This style is so hard to pull off. But this creative team is mostly doing it very well — sometimes astonishingly so.
Zahida Rahemtulla’s The Wrong Bashir is a farce. An Ismaili farce.
In the story, a nominating committee selects Bashir Ladha, a philosophy student who can’t decide what to do with his life, to become the next student Mukhisahib, or spiritual leader of the Ismaili population at his university. Bashir’s parents are thrilled; Bashir, who produces a podcast called The Happy Nihilist and can’t remember the last time he attended a religious service, has zero interest in the role — and nobody can figure out how he got nominated in the first place. But, when two members of the nominating committee show up at his mom and dad’s house (where Bashir is living) along with several members of his ecstatic extended family, Bashir gets cornered: he doesn’t want the gig, but he doesn’t want to hurt his folks either.
The big problem with Act 1 is that we know where it’s going. It’s in the title: this Bashir is the wrong Bashir. The nomination was meant for somebody else with the same name, so the “big revelation” at the end of the first act is … not a big revelation.
But there’s still a lot to appreciate. Playwright Rahemtulla knows how to spin farcical absurdities. Bashir’s technical innovation, for instance, is to convert all his podcast’s digital files to tape and play them on a boombox in coffee shops: he’s innovating backwards. Rahemtulla’s use of language is propulsively rhythmic and studded with one-liners: delighted to have her son back home, Bashir’s mom Najma exclaims, “We love it when you run out of money!” And there’s all sorts of satire of the Ismaili community: Al-Nashir Manji, the prissier member of the nominating duo, proudly declares that the Ismaili community is the Canadian group that boasts the largest number of committees.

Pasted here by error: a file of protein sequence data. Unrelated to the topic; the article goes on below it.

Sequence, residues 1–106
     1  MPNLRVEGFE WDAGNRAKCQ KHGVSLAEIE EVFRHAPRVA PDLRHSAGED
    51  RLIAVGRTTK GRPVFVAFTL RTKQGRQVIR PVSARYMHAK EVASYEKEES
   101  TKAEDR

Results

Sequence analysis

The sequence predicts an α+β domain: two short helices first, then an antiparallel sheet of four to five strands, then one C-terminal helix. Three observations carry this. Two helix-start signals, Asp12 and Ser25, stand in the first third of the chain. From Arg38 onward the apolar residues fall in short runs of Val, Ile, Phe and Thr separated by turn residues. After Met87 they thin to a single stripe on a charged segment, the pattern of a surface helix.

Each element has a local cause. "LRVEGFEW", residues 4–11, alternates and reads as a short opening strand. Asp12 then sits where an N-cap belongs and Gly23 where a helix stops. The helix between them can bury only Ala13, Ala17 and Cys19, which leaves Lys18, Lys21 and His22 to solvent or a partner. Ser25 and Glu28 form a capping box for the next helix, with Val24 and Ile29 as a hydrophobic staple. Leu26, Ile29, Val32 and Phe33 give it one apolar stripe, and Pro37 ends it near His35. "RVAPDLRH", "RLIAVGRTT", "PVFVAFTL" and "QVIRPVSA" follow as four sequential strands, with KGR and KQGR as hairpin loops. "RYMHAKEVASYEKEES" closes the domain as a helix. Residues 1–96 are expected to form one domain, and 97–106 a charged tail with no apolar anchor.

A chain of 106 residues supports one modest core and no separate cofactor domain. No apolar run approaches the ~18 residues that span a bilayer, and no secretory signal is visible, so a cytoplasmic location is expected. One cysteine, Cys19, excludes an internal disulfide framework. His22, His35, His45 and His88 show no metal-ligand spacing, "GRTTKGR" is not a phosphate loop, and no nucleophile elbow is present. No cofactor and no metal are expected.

The biggest success of The Wrong Bashir, though — both in terms of the writing and this production — comes in the form of eccentric characterizations. Playing Najma, the mom, Neha Devi Singh nails the style. In the vein of characters from old TV farces like I Love Lucy, Singh’s Najma is excitable, well meaning, and perpetually baffled. While hinting at cartoonishness, this Najma stays touchingly grounded in the human.
Seth Ranaweera manages a similar trick as Bashir’s dad Sultan.
The evening’s other extraordinary performance comes from Hussein Janmohamed as Manji the religious bureaucrat. Janmohamed’s work is, appropriately, broader than Singh’s and Ranaweera’s: as the play’s antagonist, Manji is the embodiment of a whole lot of cultural absurdity — and the object of its richest satire. Skilfully shaping the character’s arc, Janmohamed makes Manji a deliciously exasperated martinet.
Director Daniela Atiencia has cast with precision and, with her troupe of ten players, crafted an evening of remarkable stylistic consistency. I particularly enjoyed how lovingly she is working the play’s comic rhythms.
Lighting designer Jonathan Kim has helped Atiencia to clarify interactions that threaten to slide into chaos. Kimira Reddy’s set is handsome and functional.
Importantly, Act 2 acquires both emotional and thematic weight. Because it gets stuck in the questions of how Bashir got nominated and whether he will accept the nomination, Act 1 becomes repetitive and its stakes feel low. Then, in Act 2, Bashir’s grandfather, Dawood, who has dementia, goes missing: all of a sudden, the process of Bashir losing his connection to his family and culture becomes meaningfully embodied. There are real emotional stakes and, as Bashir starts to wonder if he should accept the nomination after all, the thematic exploration deepens.
It’s great to see a show about immigrant identity that doesn’t fall into familiar assimilationist tropes. And it’s great to see a stage crowded with actors, most of whom I’ve never encountered before, doing so well with such a devilishly tricky form of comedy.
THE WRONG BASHIR by Zahida Rahemtulla. Directed by Daniela Atiencia. A Touchstone Theatre production in association with the Firehall Arts Centre and Vancouver Asian Canadian Theatre. On Friday, February 24. At the Firehall Arts Centre until March 12. Tickets
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